Its 4×4 system has full-time (4A) permanent on-demand AWD, as well as traditional 2H and a 4H with 50:50 lock, plus conventional 4L low-range – unlike the old Amarok V6.
It also has six terrain-specific modes called Normal, Eco, Slippery, Mud, Sand/Snow, and Towing. The different modes don’t just change traction control and gearing, but also engage low-range and the standard rear diff lock.
It aced a series of challenges, and in fact over most of our test trails it did perfectly well being left to its own devices in 4A, where its torque-on-demand system and traction control worked fantastically well.
While cycling through the different modes does pull up different colourful and high-res graphical display in the cluster, the Amarok goes without the Ranger’s off-road menu and auto camera displays on the touchscreen.
On a side note, given the Amarok Aventura grade has a distinctly sporty and road-biased feel by ute standards (despite its all-terrain capabilities), we wonder if a sports mode that sharpens up the accelerator response and gear ratios might be warranted?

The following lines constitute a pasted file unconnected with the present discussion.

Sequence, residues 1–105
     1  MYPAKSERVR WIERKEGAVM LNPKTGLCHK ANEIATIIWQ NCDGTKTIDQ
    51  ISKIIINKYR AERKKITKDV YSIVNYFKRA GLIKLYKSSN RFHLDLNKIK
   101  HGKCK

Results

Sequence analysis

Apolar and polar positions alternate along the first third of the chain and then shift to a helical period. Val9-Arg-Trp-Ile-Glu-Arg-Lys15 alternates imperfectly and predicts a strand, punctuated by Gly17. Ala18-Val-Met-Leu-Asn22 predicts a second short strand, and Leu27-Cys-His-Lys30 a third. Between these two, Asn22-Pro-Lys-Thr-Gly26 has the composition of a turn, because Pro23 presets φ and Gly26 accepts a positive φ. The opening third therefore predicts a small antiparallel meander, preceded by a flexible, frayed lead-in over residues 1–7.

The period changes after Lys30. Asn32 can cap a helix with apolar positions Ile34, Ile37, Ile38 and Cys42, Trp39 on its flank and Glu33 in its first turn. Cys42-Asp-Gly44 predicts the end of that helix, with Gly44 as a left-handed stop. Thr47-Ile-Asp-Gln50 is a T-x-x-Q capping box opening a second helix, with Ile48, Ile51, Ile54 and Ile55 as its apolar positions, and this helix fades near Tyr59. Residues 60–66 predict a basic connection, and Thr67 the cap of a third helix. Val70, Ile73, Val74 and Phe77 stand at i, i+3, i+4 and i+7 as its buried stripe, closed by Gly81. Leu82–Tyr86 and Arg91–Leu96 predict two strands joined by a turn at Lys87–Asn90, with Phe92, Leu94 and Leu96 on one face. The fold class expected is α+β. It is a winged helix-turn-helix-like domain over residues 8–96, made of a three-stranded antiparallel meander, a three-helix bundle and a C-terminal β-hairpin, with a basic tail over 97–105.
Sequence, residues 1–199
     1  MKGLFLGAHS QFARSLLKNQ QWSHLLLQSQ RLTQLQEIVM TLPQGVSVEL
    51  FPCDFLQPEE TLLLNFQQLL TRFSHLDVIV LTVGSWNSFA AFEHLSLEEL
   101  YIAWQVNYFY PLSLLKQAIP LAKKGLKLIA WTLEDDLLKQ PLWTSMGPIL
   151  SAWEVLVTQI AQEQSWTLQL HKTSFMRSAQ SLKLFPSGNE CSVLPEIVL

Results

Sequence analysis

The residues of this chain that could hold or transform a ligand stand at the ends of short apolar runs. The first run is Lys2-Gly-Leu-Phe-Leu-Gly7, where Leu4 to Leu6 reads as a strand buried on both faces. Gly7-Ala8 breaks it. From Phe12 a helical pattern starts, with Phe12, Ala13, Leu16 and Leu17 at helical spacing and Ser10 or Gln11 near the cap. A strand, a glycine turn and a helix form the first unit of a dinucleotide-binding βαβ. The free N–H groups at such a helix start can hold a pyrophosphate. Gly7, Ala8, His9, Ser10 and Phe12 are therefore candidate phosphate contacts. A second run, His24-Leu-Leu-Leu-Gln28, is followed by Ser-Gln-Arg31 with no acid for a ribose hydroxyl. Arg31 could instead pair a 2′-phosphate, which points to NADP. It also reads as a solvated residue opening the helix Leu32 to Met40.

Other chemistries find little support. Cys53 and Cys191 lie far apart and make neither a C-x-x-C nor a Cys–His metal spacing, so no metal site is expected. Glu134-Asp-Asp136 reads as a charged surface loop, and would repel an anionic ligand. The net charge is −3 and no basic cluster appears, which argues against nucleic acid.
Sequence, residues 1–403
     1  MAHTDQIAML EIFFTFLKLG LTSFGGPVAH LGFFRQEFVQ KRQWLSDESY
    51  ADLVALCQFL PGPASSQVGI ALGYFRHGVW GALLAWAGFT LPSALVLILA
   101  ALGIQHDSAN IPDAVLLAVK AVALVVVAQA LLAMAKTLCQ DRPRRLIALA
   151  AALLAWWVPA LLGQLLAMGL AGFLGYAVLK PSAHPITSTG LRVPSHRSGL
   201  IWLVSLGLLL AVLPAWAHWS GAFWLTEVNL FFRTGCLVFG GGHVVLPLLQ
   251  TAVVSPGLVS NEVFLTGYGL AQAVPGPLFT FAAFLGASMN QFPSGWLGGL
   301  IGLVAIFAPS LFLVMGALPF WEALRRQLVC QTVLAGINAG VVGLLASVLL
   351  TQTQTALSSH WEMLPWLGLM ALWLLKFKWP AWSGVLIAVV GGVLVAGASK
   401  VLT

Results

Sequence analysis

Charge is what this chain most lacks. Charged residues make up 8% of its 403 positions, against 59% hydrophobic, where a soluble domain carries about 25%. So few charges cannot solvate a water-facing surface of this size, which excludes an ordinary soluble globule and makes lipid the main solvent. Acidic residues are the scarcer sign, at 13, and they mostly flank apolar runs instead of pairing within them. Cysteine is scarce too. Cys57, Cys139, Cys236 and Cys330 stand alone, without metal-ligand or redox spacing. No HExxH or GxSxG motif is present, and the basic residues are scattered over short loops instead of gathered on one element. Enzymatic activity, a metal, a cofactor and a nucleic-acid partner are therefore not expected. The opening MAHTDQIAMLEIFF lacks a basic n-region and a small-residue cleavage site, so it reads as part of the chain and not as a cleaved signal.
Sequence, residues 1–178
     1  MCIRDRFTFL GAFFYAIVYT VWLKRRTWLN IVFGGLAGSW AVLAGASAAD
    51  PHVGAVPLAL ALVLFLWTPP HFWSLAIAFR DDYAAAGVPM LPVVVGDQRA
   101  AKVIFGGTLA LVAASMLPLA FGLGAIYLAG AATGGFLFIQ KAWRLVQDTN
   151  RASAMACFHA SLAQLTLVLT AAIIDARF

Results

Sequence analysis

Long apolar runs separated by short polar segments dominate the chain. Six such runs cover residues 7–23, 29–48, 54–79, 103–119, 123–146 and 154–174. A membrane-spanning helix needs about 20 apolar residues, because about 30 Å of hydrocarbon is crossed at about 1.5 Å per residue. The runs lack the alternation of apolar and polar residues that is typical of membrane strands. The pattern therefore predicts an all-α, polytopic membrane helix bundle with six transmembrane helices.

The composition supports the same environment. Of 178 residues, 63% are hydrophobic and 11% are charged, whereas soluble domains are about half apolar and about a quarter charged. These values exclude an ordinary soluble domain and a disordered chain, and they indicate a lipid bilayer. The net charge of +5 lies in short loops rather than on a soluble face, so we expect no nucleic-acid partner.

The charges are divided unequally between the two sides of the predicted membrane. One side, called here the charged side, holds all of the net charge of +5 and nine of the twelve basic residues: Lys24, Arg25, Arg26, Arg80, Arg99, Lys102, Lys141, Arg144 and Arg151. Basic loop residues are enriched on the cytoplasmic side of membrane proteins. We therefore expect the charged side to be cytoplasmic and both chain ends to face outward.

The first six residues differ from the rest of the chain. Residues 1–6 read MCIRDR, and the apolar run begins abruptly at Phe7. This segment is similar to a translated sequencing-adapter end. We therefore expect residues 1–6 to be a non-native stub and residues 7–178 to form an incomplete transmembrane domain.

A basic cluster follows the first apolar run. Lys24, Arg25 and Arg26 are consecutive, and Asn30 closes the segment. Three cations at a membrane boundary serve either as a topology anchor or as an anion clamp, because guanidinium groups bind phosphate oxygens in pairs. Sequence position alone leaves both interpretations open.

In practice the driver-assist features worked as intended. The lane-keeping aid did a reasonable job keeping the Amarok between the lines, and the intelligent cruise control can even automatically change your speed to whatever the listed speed limit is.
On the subject of towing, the blind-spot monitor can adjust to factor in the trailer.
There’s an integrated gain adjuster for the optional brake controller, and it shares the Ranger’s nifty light sequence checker, which cycles through brake and indicator light checks five times so you can check it yourself. It comes pre-fitted with a 3.5t-rated tow bar and 12-pin plug.
In terms of load lugging, it must be said the 858kg payload is modest at best. The Amarok is slightly heavier than the Ranger Platinum, which has a superior 912kg payload.
What do you get?
This is the flagship Amarok version for the time being, so comes loaded with the longest list of features in the range.
- 21-inch alloy wheels (biggest in-class)
- Front, rear disc brakes
- 275/45 R21 Goodyear Wrangler HT tyres
- Front, rear parking sensors
- Roof rails, side steps and puddle lamps
- 3.5t-rated towbar (brake controller optional)
- Chrome-look bumpers, mirrors, handles
- Powered tub roller cover, key fob remote
- Sailplane design features
- Fitted tubliner, power-locking tailgate
- IQ. Light Matrix LED headlights
- LED tail lights, daytime running lights
- Rear privacy glass
- Rain-sensing wipers
- Stitched leather-look dash and door trims